However, Chevy Chase was able to play a more solo character throughout the season. Dan Harmon Explained to the Independent, “It seemed like a natural fit, but even the most ardent Chevy Chase supporter would say he’s a soloist. Sticking him with another person and saying you guys are going to be Abbott and Costello — it was naïve.”
Pierce, however, slowly became the antagonist of group, acting alone to create havoc for the others. While season 1 saw Pierce make out-of touch old man jokes that the rest laughed at, season 2 saw him become a full-blown antagonist. He guilt-trips Annie to ruin her anti-drugs game, and he emotionally tortures all of the study group. “Intermediate Documentary Filmmaking,” and in a rage of jealousy, he mercilessly bullies the unfortunately-nicknamed Fat Neil in “Advanced Dungeons & Dragons.”The “D&D”Chevy Chase’s performance in episode one was particularly disturbing, especially when you consider that the character he was bullying was already suicidal.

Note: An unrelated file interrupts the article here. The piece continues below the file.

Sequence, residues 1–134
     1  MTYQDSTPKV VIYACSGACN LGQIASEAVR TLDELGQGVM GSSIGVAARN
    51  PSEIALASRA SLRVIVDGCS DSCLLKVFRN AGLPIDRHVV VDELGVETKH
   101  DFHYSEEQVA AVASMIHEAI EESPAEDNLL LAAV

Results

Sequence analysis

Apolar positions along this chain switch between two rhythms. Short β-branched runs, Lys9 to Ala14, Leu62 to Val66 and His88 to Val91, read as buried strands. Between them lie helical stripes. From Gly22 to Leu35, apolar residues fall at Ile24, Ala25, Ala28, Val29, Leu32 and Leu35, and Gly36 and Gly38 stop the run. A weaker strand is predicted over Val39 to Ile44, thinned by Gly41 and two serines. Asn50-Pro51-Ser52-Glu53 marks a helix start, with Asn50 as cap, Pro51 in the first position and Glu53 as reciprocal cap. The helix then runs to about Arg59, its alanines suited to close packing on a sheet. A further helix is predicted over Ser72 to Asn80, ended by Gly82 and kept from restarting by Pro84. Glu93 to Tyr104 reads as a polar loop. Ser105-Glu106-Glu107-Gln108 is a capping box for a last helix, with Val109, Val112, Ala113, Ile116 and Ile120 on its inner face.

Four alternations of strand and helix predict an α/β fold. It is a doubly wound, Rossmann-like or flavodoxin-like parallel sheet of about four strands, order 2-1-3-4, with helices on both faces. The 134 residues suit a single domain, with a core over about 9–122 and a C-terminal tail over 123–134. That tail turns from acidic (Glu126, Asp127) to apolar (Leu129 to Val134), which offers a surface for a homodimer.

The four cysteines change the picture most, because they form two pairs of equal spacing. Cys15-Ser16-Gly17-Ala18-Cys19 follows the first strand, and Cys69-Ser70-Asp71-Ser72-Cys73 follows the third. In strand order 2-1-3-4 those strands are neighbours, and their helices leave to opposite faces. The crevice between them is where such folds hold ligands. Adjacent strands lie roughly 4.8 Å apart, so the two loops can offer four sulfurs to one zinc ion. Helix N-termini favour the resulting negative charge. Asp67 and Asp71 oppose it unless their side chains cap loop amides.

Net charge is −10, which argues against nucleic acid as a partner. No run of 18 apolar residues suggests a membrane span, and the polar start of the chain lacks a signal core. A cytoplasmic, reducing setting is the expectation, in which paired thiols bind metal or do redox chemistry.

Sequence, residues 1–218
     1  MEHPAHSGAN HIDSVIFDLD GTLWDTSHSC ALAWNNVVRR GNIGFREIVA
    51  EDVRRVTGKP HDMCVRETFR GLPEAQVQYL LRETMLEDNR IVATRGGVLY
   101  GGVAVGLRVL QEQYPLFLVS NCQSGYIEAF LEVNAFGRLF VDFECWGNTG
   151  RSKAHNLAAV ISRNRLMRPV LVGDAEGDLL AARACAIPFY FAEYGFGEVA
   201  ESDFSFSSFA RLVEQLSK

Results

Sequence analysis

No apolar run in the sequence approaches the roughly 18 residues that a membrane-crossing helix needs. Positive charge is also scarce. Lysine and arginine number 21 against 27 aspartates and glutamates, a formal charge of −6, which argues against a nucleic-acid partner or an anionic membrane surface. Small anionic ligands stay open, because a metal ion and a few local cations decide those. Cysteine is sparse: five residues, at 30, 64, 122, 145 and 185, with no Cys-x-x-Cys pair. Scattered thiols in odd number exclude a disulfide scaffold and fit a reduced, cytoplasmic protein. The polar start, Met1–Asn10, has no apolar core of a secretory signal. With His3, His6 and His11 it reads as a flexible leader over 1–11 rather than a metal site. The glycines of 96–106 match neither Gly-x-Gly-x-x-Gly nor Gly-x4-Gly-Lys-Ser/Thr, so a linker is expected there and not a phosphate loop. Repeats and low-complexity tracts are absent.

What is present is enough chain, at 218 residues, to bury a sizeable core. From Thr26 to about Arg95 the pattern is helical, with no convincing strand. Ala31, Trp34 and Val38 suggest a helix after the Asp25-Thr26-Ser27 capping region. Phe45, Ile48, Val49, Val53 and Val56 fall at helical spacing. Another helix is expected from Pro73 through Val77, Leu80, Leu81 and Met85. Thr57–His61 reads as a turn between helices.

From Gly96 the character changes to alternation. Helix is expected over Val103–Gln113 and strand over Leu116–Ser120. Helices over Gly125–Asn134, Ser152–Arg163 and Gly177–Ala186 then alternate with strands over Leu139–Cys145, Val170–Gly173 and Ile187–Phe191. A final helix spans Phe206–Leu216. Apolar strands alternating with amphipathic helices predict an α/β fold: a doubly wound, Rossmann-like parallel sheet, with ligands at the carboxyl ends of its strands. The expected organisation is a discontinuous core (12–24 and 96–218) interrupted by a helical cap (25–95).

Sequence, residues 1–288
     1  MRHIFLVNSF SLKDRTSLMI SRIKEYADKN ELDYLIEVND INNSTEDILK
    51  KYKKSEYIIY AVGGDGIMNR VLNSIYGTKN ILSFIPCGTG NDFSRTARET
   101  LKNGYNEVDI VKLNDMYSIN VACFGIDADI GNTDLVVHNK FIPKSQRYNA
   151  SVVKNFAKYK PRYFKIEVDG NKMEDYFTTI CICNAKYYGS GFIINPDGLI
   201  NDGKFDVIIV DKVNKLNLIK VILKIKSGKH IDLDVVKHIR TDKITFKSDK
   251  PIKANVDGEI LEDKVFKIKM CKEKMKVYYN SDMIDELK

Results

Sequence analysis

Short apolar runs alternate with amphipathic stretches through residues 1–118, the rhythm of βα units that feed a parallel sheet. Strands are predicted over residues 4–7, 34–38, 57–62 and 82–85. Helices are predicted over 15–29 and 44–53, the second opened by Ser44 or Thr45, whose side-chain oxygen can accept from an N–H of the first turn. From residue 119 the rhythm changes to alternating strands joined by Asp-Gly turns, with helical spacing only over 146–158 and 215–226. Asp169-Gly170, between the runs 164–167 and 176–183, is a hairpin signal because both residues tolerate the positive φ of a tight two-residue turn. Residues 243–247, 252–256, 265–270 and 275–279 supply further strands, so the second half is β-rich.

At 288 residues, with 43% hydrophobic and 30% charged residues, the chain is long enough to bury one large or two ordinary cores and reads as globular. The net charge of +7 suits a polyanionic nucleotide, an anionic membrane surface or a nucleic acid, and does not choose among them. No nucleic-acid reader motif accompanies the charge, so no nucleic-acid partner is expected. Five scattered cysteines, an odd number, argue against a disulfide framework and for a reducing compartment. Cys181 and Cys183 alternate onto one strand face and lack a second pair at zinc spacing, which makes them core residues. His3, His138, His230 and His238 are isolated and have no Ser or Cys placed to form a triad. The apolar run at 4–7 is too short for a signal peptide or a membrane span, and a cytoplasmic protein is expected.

Pierce’s descent into vileness culminates in season 2’s two-part paintball final, which shows that Pierce is close to being kicked off the study group for his year-long reign. Pierce wins the big paintball fight for the school and redeems himself, but he eventually decides to leave the study groups. As he puts it:
“You know I’ve been coming to this school for 12 years? And I’ve never been friends with anyone here more than a semester. Probably for the same reason I’ve been married seven times. I guess I assume, eventually, I’ll be rejected. So I, you know, test people, push them, until they prove me right.”